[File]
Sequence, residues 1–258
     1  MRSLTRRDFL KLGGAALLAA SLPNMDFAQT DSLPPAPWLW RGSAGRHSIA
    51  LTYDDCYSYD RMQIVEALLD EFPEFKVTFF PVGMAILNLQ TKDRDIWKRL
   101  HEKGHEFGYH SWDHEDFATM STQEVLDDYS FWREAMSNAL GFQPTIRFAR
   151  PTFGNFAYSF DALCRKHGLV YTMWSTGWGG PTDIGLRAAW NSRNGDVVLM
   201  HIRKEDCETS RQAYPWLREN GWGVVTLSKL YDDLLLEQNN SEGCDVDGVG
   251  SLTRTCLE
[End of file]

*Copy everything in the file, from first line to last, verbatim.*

Sequence, residues 1–258
     1  MRSLTRRDFL KLGGAALLAA SLPNMDFAQT DSLPPAPWLW RGSAGRHSIA
    51  LTYDDCYSYD RMQIVEALLD EFPEFKVTFF PVGMAILNLQ TKDRDIWKRL
   101  HEKGHEFGYH SWDHEDFATM STQEVLDDYS FWREAMSNAL GFQPTIRFAR
   151  PTFGNFAYSF DALCRKHGLV YTMWSTGWGG PTDIGLRAAW NSRNGDVVLM
   201  HIRKEDCETS RQAYPWLREN GWGVVTLSKL YDDLLLEQNN SEGCDVDGVG
   251  SLTRTCLE